2018 hasn't been anything like what SunPower (NASDAQ: SPWR) hoped for when the year started. Tariffs hit the company early in the year (although an exemption was recently granted), the global solar environment has weakened this year, and company maneuvers led to hundreds of millions in losses.
There are some recent signs that the solar market may be recovering, which is why shares popped on Monday, but there's still a long road back before SunPower's shares will recover the year's losses, and this may be another down year for this solar industry leader.
Big losses blindside investors
2018 was supposed to be a year when SunPower transitioned to profitability, but that wasn't the case, and asset sales and writedowns are a big reason why. When it reported fourth-quarter 2018 results, SunPower's management said it would sell about 45,000 solar leases as part of a long-term plan to simplify the balance sheet. The move resulted in a $474 million charge on the assets and drove a $568.7 million loss overall. 2018 was off to a rough start pretty quickly.
Results for the second quarter of 2018 included another $369.2 million charge related to writing down legacy manufacturing assets that had become obsolete. This writedown was part of an effort to more quickly upgrade manufacturing to next-generation technology (NGT) solar cells, which are expected to be higher margin and more cost-effective against commodity cells, but the adjustment has been costly in the meantime.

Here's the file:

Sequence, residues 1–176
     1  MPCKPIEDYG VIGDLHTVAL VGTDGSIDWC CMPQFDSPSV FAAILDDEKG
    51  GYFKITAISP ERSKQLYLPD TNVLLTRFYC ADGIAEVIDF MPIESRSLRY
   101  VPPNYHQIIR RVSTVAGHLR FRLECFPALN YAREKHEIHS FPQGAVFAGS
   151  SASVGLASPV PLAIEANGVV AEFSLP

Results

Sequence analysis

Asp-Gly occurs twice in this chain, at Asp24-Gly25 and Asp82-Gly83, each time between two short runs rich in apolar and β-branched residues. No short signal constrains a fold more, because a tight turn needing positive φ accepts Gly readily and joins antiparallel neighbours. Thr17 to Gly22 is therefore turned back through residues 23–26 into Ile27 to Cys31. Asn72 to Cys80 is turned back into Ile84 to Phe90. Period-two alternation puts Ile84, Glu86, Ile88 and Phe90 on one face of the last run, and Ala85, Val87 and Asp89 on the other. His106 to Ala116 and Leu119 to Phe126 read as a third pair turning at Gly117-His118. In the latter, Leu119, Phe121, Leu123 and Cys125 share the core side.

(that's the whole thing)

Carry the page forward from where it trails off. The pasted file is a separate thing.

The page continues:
Image source: SunPower.
China throws solar for a loop
The biggest global surprise in 2018 was China cutting solar incentives early in the summer. A sharp decline in demand resulted in a sharp drop of about 30% in solar panel prices by late summer. Instead of seeing a record year for global solar installations, the industry will likely shrink slightly, leaving manufacturers to fight over a shrinking pie even as their capacity expands.
Over the long term, supply and demand will level out, and we're already seeing a rise in global solar panel demand now that prices have declined. But the increase in volume will be offset by lower prices, making it tough for even the most efficient solar panel manufacturers to make money.
Bright spots to end the year?
2018 may be a rough year for SunPower, but the company may be seeing some of its best markets starting to improve. Thirty-five percent of recent commercial systems have been booked with energy storage, adding another source of revenue and value creation to the company's offerings. Expect residential energy storage to start to be a growing portion of sales in 2019.
In the residential business, non-GAAP gross margins have been over 16% in four of the last five quarters and should trend higher as NGT solar panels are rolled out in 2019. Over the long term, management has targeted gross margins in the mid-20s, or higher, for residential solar, which could significantly improve profitability.
The P-Series solar panels aimed at the power plant business (think utility-scale installations) are also expected to reach a scale of 2,000 megawatts in 2019, which could drive revenue growth. This won't be a high-margin business like residential solar, but if it contributes anything to the company's margins it would be an incremental positive compared to the money-losing power plant business of the last few years.
A long road ahead
SunPower continues to sell assets to simplify its balance sheet and spend money on upgrading manufacturing capabilities. These moves should help make the company more profitable in the long run, but it could be years before investors see a consistent profit. That's the reality of the solar business, especially after a rough 2018.
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